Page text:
Less than half of students, parents and guardians, and educators are satisfied with the availability of computer science education opportunities at their schools. Four in 10 public school students in grades 7 to 12 say they are "very satisfied" or "satisfied" with the availability of computer science education at their schools, which is similar to the 42% of parents and guardians of public school students in these grades who are satisfied.

Fewer public school teachers are satisfied with the availability of computer science learning opportunities for students at their school, with 27% saying they are satisfied. This is driven largely by lower satisfaction among elementary teachers (20%). Somewhat fewer public (26%) than private school (35%) teachers are satisfied with the available computer science opportunities.

Few Students, Parents and Educators Satisfied With Availability of Computer Science
How satisfied are you with the availability of computer science education opportunities at your school/at your child's school/for students at your school?
Students Parents/Guardians Teachers
% % %
1 -- Very dissatisfied 7 6 10
2 12 10 24
3 26 26 33
4 22 23 19
5 -- Very satisfied 18 19 8
Don't know 14 16 7
Google/Gallup, 2020

Few Students and Parents Have Concerns About Computer Science Learning Quality

Students and parents and guardians generally give good marks for computer science learning quality; still, few rate it as excellent. Three in four parents and guardians overall whose own child received computer science learning in the past year rate the quality of that learning as at least "good." This includes 44% who rate the quality as "very good" (30%) or "excellent" (14%).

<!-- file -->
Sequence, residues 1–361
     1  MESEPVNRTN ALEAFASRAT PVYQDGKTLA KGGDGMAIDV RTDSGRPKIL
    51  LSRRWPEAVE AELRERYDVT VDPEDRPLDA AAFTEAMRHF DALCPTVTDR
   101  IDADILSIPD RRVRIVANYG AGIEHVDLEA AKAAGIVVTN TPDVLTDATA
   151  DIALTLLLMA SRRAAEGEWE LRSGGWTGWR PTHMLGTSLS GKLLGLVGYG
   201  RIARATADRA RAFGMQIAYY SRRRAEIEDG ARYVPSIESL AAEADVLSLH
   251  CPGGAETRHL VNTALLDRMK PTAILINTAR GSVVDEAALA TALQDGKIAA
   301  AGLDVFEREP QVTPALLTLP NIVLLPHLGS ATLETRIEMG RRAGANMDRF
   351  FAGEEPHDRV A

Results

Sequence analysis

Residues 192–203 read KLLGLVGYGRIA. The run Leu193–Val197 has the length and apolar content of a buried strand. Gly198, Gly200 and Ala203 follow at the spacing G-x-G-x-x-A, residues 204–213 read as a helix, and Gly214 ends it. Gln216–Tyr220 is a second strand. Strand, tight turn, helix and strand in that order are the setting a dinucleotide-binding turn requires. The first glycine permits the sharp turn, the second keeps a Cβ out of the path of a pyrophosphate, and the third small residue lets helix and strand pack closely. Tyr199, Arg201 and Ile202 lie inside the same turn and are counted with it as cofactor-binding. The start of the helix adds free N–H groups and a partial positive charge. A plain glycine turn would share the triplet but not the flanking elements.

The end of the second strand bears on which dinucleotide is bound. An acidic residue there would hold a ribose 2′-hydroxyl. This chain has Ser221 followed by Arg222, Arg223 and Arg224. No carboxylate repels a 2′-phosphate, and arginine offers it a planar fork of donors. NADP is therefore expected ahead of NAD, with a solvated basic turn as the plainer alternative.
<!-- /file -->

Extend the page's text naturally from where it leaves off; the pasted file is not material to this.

Like parents and guardians, students surveyed in grades 7 through 12 rate the quality of the computer science learning they received in the past school year generally positively, with 73% rating it as at least "good," though, like parents and guardians, few (13%) rate it as excellent.

Students, Parents Generally Rate Quality of Computer Science Education as High
Please rate the quality of computer science learning that [you/your child] [have/has] received at school this year.
Students Parents/Guardians
% %
Poor 6 3
Fair 17 13
Good 33 31
Very good 27 30
Excellent 13 14
Don't know 5 9
Among students or parents/guardians who personally or whose child learned computer science at school in the past year
Google/Gallup, 2020

Implications

Relatively few students, parents and educators are satisfied with the availability of computer science learning. Likewise, even among those with access to computer science education, parents and students are unlikely to rate the quality of the computer science learning their child/they received at school as "excellent."

With growing dependence on technology, there is a great and unmet need for computer science education in schools so that students learn the skills necessary to excel in their future workplaces. Students, parents and educators express a desire for more and better computer science learning opportunities, suggesting that expanded programs could help prepare today's students for the future economy.

This is the second article in a four-part series that explores results from and implications of the Current Perspectives and Continuing Challenges in Computer Science in U.S K-12 Schools (PDF download) report. Accompanying articles cover perceptions of the importance of computer science and insights about girls' computer science interest and aspiration.